New Delhi: A successful training launch of a Short-Range Ballistic Missile, Prithvi-II was carried out on January 11 from Integrated Test Range, Chandipur, off the coast of Odisha, the Ministry of Defence said adding that it struck its target with “high accuracy”.
“A well-established system, Prithvi-II missile has been an integral part of India’s nuclear deterrence. The missile struck its target with high accuracy,” the ministry said in a statement. It said the “user training launch” successfully validated all operational and technical parameters of the missile.
The Prithvi II missile is a short-range, surface-to-surface ballistic missile developed by the Defence Research and Development Organisation (DRDO). It is part of India’s Prithvi missile series, which includes the Prithvi-I, Prithvi-II, Prithvi-III, and Dhanush. The Prithvi-II is an indigenously developed nuclear-capable missile, and is capable of carrying a payload of up to 500 kilograms. It has a range of 350 kilometres, and is capable of carrying conventional as well as nuclear warheads. The missile is powered by a liquid propulsion system and has a high-thrust engine. The Prithvi-II missile has a range of around 350 kilometres.
The missile has undergone several successful test launches and has been inducted into the Indian armed forces. The missile’s accuracy is considered to be high and it is equipped with advanced navigation and guidance systems. The Prithvi-II is primarily used by the Indian Army, and it has been deployed in several regiments of the Indian armed forces. It is also used for training and test launches by the Indian armed forces. The missile is a “game changer” as it enhances India’s strategic capabilities and deters potential adversaries.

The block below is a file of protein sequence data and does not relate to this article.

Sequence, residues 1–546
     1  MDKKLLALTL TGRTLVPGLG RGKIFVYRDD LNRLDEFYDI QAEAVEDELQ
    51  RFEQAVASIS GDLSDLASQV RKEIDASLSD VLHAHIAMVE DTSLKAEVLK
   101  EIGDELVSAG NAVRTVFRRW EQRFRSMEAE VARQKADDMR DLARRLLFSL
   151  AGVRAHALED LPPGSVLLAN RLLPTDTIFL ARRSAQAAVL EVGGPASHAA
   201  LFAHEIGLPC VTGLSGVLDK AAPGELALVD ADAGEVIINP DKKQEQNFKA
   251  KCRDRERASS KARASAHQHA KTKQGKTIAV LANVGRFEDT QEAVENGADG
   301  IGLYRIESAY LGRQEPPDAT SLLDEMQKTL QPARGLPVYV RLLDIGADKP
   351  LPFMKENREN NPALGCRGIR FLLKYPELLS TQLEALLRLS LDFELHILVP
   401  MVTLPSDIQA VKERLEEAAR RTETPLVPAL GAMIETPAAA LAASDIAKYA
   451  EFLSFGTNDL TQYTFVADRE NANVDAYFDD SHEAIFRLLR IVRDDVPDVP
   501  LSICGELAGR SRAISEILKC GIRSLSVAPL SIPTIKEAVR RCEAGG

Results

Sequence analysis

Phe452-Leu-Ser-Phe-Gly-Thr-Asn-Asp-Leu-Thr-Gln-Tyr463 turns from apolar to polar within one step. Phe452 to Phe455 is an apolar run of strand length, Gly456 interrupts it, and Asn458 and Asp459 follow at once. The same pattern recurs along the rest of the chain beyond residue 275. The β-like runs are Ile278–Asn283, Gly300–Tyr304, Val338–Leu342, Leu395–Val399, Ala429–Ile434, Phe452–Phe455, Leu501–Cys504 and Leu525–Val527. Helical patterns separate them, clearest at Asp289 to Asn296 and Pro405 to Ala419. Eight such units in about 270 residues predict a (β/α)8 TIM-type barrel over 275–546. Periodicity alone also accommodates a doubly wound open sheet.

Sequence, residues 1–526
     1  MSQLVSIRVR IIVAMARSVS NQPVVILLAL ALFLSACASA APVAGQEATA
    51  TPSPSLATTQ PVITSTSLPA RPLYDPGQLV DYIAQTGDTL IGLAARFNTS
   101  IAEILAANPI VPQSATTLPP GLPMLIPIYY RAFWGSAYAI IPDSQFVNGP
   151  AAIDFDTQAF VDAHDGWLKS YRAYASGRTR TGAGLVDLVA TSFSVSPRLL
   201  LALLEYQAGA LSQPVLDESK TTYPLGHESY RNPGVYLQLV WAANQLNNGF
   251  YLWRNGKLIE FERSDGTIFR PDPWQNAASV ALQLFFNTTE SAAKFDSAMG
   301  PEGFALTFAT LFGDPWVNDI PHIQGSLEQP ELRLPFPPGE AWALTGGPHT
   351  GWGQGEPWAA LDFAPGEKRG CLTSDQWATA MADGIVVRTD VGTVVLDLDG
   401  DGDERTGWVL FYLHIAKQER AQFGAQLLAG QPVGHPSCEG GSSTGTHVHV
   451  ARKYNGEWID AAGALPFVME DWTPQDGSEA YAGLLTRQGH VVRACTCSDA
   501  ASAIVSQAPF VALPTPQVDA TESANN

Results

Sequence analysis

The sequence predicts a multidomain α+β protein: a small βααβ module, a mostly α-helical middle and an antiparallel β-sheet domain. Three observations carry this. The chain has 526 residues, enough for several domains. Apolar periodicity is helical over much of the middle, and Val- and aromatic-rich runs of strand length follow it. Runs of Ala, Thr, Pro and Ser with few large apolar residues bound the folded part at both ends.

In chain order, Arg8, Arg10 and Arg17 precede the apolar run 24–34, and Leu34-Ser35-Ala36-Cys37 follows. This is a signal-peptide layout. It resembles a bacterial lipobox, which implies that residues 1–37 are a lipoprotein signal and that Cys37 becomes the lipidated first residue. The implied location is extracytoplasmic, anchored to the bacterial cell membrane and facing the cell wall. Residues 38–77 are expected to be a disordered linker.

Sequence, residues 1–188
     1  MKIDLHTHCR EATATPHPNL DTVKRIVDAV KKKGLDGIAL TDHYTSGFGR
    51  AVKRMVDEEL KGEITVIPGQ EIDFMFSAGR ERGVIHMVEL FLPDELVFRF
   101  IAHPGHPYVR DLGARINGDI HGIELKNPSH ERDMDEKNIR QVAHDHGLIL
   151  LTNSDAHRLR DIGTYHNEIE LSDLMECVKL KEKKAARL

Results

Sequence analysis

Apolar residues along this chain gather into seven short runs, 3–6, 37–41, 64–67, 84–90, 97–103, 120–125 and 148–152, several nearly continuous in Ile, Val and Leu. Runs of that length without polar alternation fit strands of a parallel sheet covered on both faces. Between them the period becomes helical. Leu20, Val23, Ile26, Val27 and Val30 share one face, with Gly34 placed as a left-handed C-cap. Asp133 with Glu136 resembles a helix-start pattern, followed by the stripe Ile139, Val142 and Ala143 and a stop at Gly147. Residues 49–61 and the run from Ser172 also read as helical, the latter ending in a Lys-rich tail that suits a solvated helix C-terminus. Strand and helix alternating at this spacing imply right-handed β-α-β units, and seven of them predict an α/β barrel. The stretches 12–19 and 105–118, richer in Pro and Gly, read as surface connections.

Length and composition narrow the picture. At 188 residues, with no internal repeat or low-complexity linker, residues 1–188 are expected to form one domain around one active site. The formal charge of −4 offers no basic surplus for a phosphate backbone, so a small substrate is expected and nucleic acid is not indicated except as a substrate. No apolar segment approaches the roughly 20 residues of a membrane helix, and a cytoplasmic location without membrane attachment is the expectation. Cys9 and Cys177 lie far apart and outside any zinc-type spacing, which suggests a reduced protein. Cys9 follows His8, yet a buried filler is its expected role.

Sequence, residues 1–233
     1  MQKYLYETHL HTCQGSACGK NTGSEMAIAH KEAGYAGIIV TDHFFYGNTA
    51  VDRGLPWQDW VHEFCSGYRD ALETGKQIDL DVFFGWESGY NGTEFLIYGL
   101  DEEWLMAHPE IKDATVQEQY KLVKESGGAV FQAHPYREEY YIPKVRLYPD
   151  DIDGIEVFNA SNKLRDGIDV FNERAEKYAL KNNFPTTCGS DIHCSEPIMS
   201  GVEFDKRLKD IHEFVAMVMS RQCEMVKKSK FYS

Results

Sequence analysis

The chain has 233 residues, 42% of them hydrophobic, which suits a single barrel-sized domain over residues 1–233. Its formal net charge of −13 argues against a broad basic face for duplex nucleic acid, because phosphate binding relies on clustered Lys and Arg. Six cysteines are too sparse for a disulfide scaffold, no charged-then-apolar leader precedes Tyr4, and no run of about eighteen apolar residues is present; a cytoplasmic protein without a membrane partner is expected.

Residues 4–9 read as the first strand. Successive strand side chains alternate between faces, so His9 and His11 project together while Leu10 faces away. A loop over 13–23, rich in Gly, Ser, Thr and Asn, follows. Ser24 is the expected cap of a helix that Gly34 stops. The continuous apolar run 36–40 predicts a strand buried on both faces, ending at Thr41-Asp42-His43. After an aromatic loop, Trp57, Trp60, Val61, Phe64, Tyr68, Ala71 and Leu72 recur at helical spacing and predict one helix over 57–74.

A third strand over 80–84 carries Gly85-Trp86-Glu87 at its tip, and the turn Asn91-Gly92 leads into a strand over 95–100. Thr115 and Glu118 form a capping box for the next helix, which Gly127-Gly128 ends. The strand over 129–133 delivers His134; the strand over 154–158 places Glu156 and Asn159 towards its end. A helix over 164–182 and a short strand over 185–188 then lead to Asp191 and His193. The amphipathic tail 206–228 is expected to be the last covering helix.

It is notable that the development and deployment of Prithvi-II and other missiles of this series has been a significant achievement for India’s indigenous Defence industry, as well as the DRDO, which developed the missile. The night trials of the missile was conducted thrice in 2020.
In 1983, the Indian government initiated the Integrated Guided Missile Development Program to become self-sufficient in the production and development of a variety of missiles, including ballistic and surface-to-air missiles. Prithvi was the first missile developed under this program. The DRDO also attempted to construct a surface-to-air missile through Project Devil. This missile can use either liquid or a combination of liquid and solid fuels. It was designed as a battlefield missile and has the capability to transport a nuclear warhead, serving as a tactical nuclear weapon.